There are many different questions you can ask during an interview, general and specific questions. I will give some general questions but it is nice to add a specific question or two that is directly related to the job you are applying for. Here are a few of the general ones that I recommend.

1. What is your interviewers' day-to-day job like and what would your day-to-day look like?
2. What excited them to work for the company?
3. How many people would you directly work with? What is the team like?
4. What is the company culture like?
5. How is feedback given to employees?
6. What are the company's business current focus areas as a whole?
7. Are employees rewarded for excellent work?
8. When can I expect to hear back from you?
0

Alnaya’s Answer

0
Updated Translate
I always ask about the company culture and values. Then, I decide on whether the interviewers displayed those values and the culture. Looking at the reviews of the company on Glassdoor from previous and current employees can also give you insight on the culture.
0

Alicia’s Answer

0
Updated Translate
Back in my interview days, I asked all of my interviewers, "What has kept you at the firm all of these years?" It gives you a broader look at the organization as a whole. Often times you get answers that talk about things like mentoring or how the firm has evolved over the years or the culture, which are things that you can't always get from a job description.

0

Alexandra’s Answer

0
Updated Translate

Sure, there are many questions you can ask the interviewer. Your questions should focus on the strategy/future of the company and on the expectations for your role. Here are some examples:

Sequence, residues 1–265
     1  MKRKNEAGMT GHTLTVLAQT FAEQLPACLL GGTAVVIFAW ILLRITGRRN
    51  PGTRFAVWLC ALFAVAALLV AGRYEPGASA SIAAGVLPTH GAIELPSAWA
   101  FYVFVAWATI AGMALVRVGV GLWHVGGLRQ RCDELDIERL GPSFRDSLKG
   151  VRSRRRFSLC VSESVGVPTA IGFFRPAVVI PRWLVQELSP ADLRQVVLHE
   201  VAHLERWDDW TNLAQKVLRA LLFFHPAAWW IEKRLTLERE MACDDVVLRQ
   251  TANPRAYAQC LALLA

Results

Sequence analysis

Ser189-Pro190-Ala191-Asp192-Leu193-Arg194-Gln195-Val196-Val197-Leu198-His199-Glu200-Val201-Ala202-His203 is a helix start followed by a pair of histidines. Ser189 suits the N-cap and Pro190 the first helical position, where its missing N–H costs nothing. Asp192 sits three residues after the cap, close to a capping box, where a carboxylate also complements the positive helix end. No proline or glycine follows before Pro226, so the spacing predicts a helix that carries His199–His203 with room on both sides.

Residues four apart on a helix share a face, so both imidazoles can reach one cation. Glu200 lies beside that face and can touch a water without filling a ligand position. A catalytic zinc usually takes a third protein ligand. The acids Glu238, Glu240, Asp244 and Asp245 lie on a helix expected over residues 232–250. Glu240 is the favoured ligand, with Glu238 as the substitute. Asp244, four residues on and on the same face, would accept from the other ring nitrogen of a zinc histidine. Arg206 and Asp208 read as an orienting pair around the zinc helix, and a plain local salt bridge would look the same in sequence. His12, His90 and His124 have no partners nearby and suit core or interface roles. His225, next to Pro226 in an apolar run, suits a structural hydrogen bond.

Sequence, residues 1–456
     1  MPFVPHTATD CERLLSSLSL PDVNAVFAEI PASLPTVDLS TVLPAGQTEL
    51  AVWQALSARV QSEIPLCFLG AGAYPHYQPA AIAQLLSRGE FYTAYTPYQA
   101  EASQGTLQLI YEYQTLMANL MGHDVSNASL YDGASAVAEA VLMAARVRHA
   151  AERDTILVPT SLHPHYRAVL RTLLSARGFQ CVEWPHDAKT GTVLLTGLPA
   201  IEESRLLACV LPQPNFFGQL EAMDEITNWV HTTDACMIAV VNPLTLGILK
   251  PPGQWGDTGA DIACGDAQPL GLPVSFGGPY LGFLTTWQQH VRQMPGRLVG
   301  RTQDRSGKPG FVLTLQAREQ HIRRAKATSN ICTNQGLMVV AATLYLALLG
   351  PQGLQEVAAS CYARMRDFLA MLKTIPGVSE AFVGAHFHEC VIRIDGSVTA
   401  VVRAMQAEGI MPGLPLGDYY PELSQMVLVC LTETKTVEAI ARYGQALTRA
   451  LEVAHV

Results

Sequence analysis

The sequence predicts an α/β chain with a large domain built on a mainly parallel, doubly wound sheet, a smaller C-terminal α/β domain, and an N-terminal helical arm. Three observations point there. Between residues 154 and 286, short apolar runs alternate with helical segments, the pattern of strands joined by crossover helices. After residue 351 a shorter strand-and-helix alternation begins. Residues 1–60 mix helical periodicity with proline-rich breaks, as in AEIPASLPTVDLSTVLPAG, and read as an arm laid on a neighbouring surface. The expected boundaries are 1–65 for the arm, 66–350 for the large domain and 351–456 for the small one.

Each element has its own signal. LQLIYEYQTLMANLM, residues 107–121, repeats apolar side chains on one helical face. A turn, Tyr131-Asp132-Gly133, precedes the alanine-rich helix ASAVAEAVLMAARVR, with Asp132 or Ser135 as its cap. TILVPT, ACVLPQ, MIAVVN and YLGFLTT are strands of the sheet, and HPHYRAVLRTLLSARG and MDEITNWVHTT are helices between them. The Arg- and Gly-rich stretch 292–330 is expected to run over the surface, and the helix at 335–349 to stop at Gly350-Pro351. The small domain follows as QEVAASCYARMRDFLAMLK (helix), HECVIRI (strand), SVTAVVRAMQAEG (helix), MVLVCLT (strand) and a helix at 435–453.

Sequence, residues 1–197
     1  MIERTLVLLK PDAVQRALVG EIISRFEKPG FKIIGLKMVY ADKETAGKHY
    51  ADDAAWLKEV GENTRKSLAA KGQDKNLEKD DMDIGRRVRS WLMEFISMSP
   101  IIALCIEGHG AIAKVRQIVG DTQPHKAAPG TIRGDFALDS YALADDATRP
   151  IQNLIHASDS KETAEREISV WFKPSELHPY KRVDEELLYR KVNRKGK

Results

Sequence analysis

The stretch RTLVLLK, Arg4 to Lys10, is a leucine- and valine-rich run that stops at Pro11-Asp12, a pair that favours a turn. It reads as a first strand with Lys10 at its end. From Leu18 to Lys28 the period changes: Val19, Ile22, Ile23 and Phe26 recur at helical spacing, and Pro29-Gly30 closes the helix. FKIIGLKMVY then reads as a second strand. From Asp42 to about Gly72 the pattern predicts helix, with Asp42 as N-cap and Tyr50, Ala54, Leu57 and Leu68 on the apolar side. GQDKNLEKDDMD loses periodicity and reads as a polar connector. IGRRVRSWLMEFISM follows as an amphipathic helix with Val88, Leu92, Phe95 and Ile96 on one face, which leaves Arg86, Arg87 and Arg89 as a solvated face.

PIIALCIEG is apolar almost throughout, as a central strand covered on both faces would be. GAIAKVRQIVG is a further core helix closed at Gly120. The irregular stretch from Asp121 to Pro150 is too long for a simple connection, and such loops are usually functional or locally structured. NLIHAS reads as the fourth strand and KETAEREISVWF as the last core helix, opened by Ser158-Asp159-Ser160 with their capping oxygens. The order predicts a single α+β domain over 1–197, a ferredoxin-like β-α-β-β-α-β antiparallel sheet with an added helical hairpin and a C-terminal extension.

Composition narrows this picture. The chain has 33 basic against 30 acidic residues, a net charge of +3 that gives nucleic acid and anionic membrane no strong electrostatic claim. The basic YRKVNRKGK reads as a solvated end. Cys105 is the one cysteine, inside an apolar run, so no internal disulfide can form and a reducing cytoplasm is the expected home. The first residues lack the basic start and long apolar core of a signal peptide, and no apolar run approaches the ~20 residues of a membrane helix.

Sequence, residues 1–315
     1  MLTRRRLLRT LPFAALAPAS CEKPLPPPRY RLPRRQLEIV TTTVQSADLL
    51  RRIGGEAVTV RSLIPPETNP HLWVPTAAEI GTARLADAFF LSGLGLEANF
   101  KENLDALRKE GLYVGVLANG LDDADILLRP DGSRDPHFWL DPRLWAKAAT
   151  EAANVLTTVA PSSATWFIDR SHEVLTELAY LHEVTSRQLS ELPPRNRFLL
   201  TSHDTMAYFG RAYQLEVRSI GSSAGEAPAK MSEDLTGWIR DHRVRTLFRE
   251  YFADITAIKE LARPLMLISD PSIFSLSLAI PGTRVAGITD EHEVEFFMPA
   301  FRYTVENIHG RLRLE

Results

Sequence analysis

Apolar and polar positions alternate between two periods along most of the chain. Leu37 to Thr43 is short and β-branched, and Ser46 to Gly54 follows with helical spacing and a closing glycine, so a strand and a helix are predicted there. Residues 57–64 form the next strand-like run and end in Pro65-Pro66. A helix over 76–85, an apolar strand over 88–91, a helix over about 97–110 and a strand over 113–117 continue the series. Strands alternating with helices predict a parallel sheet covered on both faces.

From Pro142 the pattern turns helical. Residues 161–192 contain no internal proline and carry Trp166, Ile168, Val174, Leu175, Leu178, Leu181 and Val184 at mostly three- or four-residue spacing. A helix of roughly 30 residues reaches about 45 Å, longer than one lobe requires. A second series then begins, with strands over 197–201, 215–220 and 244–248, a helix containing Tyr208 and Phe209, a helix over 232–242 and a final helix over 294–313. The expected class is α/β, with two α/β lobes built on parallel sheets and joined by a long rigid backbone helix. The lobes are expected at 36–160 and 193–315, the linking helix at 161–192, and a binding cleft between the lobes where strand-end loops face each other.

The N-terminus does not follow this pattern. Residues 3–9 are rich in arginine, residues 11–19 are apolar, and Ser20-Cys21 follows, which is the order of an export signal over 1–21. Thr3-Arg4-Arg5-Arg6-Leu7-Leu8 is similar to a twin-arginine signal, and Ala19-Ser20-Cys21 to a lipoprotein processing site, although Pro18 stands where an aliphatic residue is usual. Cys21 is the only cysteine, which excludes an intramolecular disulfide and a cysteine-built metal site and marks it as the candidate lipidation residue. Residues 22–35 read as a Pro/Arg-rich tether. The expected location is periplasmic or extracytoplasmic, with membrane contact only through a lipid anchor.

1. What is the company's strategy for the next 5 years? Is the company growing?
  2. What is the path to promotion?
  3. Do people work with teams and collaborate?
  4. What are the main groups/departments within the company and how do they interact?
  5. What is the company culture like?
  6. To what extent will I have contact with clients in my role?
  7. Does the company have a mentoring system/program?
  8. What is the annual review process like?
0

Paul’s Answer

0
Updated Translate
Hi Abbas,

I personally think the best questions to ask are the ones you truly want to know. With that said, however, the questions that I usually ask are ones that are more personal to the interviewer such as: What are the pros and cons of your job in the company? What would you say is a highlight of your line of work at this company? What does a typical day look like? What's your favorite perks of the job?

By making questions more personal, it'll have more credibility as interviewers usually speak from a bias standpoint of positively representing the company they're working for.

Sincerely,

Paul
0

Davor’s Answer

0
Updated Translate

Typical questions to ask:
How does a typical day look like?
How does the company balance the work/life balance?
How does continuing education work?

0